SPE Library

The SPE Library contains thousands of papers, presentations, journal briefs and recorded webinars from the best minds in the Plastics Industry. Spanning almost two decades, this collection of published research and development work in polymer science and plastics technology is a wealth of knowledge and information for anyone involved in plastics.

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Conference Proceedings
Injection-Molding Degradation of Biodegradable Polylactide
Richard Haibach, May 2007
The effects of degradation on the mechanical and aesthetic properties of injection-molded biodegradable polylactide (PLA) parts were studied. Standard tensile test specimens were molded from NatureWorks 3051D injection-molding grade PLA. Barrel residence time, machine nozzle temperature, and shear rate were varied during the injection-molding process. The resulting specimens were analyzed in a tensile testing machine. Tensile strength, tensile modulus and visual inspection were used to characterize the extent of degradation that occurred during each process.
Investigation of Failures in a Polypropylene Water Piping System
Donald E. Duvall, May 2007
Polypropylene pipe and fittings were selected for a high-purity, highly chlorinated water system in a medical research facility. In the first four years of operation, the system sustained an excessive number of leaks. This paper is an account of the investigation of the causes of those leaks.
High-Energy Electron Beam Processing of Wood Composites
W.L. Griffith, G.F. Dorsey, T.G. Rials, D.P. Harper, Nicole Labbé, T. Elder, May 2007
For high doses, a DMA analysis of wood and composites revealed a change in lignin resulting in reduced Tg, and that electron scavenging from lignin's aromatic structure could hinder the cure. An investigation of purified cellulose revealed changes at higher doses in the physical response to moisture and thermal stability without a change in the degree of crystallinity as measured by wide-angle X-ray scattering (WAXS).
Developments in Water Assisted Injection Molding Process Technology and Simulation
A. Polynkin, J.F.T. Pittman, J. Sienz, L. Mulvaney-Johnson, E.C. Brown, P.D. Coates, May 2007
A preliminary account is given of issues involved in numerical simulation of water assisted injection molding (WAIM), extending techniques used previously for gas assisted molding. An industrial scale, instrumented process is used to guide and validate the simulations. Novel sensor technologies, including ultrasound, are used at process to monitor the position of the water bubble during filling, together with melt pressures and temperatures as well as the residual wall thickness.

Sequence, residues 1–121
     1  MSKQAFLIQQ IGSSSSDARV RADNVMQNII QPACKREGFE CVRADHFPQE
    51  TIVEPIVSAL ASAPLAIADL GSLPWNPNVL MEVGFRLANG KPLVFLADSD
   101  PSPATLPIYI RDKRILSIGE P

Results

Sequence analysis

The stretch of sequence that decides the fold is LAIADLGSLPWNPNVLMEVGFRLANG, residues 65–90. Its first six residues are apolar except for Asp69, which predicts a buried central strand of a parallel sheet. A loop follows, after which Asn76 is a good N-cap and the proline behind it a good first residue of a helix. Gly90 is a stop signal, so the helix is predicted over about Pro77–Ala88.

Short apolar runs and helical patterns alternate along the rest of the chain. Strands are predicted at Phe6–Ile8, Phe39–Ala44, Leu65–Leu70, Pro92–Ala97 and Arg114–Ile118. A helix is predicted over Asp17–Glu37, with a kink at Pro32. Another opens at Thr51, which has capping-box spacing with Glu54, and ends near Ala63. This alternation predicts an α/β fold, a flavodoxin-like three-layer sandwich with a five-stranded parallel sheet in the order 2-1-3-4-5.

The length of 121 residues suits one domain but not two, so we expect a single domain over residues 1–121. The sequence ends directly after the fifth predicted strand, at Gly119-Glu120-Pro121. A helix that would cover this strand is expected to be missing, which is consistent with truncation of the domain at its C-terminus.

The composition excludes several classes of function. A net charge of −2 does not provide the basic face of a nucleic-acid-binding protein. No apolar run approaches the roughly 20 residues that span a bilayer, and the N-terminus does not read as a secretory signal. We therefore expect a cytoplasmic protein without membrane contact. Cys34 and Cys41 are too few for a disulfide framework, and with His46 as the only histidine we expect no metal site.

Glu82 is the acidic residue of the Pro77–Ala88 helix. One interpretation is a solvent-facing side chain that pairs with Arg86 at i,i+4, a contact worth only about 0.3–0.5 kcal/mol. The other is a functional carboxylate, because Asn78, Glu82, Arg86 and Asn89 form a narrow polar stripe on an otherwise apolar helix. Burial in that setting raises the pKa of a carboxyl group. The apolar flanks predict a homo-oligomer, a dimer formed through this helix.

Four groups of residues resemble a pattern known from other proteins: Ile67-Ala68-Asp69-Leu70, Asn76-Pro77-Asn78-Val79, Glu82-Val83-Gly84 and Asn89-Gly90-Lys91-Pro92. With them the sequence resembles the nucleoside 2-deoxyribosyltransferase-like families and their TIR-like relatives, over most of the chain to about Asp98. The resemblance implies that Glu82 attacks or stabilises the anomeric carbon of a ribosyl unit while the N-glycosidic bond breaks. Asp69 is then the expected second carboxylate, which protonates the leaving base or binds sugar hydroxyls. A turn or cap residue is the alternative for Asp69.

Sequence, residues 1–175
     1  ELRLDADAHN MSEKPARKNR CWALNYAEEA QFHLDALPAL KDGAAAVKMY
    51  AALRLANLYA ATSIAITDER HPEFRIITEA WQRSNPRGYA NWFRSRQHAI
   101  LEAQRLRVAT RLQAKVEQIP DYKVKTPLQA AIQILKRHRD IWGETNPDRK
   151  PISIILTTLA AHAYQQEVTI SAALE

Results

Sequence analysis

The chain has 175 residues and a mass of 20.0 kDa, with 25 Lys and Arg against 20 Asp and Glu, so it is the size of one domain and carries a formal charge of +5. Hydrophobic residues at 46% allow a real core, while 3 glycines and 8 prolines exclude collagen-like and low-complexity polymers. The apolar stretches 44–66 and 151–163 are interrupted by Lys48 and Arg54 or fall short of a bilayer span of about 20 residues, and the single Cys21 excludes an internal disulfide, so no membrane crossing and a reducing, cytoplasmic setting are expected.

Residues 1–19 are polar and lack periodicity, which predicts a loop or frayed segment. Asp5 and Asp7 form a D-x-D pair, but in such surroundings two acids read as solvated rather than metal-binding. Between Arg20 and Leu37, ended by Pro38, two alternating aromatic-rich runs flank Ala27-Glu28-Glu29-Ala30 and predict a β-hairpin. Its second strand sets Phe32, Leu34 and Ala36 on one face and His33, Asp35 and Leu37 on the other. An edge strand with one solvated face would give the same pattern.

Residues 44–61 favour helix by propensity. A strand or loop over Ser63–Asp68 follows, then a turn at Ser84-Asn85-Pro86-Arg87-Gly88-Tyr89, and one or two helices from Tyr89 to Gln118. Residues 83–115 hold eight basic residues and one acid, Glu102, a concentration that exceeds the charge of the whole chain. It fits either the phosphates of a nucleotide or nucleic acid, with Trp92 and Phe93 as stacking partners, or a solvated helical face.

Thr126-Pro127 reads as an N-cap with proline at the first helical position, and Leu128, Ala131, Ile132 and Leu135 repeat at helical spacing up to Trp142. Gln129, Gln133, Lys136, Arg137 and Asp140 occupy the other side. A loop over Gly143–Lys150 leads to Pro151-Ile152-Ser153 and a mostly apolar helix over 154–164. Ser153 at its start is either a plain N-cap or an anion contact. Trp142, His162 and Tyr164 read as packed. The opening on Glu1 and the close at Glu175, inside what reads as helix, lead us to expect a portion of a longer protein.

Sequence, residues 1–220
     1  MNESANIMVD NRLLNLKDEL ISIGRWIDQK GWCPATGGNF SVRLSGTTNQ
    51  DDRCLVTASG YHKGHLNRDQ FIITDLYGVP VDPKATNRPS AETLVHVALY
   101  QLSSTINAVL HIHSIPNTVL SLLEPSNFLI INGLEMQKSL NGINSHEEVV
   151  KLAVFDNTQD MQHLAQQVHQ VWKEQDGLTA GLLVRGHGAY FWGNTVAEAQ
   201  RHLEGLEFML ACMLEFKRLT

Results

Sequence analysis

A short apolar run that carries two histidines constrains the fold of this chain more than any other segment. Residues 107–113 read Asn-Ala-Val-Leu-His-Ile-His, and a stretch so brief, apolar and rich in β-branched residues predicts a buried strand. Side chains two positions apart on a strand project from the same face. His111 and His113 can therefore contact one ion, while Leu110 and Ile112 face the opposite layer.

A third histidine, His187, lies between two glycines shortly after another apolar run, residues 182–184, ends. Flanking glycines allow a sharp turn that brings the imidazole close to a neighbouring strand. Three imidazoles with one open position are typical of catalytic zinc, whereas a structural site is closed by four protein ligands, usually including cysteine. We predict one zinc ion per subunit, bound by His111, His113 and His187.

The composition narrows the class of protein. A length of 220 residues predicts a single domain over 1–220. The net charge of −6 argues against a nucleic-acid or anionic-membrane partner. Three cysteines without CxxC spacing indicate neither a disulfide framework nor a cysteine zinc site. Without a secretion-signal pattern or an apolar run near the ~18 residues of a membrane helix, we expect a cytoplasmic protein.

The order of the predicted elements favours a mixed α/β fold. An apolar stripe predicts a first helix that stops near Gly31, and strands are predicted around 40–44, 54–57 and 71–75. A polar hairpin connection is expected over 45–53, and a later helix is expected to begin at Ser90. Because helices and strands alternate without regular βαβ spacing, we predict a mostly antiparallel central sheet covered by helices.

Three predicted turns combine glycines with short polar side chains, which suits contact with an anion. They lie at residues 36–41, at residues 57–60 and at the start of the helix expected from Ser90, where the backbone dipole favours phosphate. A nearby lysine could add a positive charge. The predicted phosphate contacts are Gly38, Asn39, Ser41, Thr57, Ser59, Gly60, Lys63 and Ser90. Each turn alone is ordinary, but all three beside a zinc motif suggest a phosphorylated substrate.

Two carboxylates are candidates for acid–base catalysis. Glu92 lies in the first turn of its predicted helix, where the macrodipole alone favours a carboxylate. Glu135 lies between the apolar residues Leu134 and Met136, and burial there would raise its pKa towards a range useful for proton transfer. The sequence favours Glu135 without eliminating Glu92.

In-Mold-Fabric Decorated Parts with a Plastic Trimmed Edge
Mark A. Spalding, Brent A. Salamon, Mike E. Hus, Steven A. Sell, Curt E. Peterson, Jeffrey D. Wenzel, May 2007
Several processes currently exist that produce a thin-walled part with a fabric-covered surface. These processes, however, are limited by cost, low production volumes, and durability of the part. A new process is described here that produces a high-quality and durable, thin-walled part using low-cost mass production techniques.
Effect of Additives on the Color & Appearance of Plastics
Bruce M. Mulholland, May 2007
The color and appearance of a formulation must be engineered just like any other desired thermal or mechanical property of the resin itself. The ability to achieve the desired color can be adversely affected by processing or the combination with modifiers and additives in the resin system. Even if colors can be achieved, other performance attributes such as UV stability, flammability or mechanical properties may be adversely affected as well. This paper looks at some of these color concerns.
Effects of Molecular Weight Distribution on the Formation of Fibers of Electrospun Polystyrene
Xiaoshu Dai, May 2007
It is widely recognized that molecular weight distribution (MWD) is an important factor affecting the rheological behavior of polymer solutions. In this contribution, the effects of MWD on the formation of electrospun polystyrene fibers in THF have been studied. The results are compared with the monodisperse system. The importance of chain entanglements attributed to high molecular weight component within the polydisperse system has been acknowledged. Concentrations for the incipient as well as stable fiber formation in a polydisperse system may be predicted.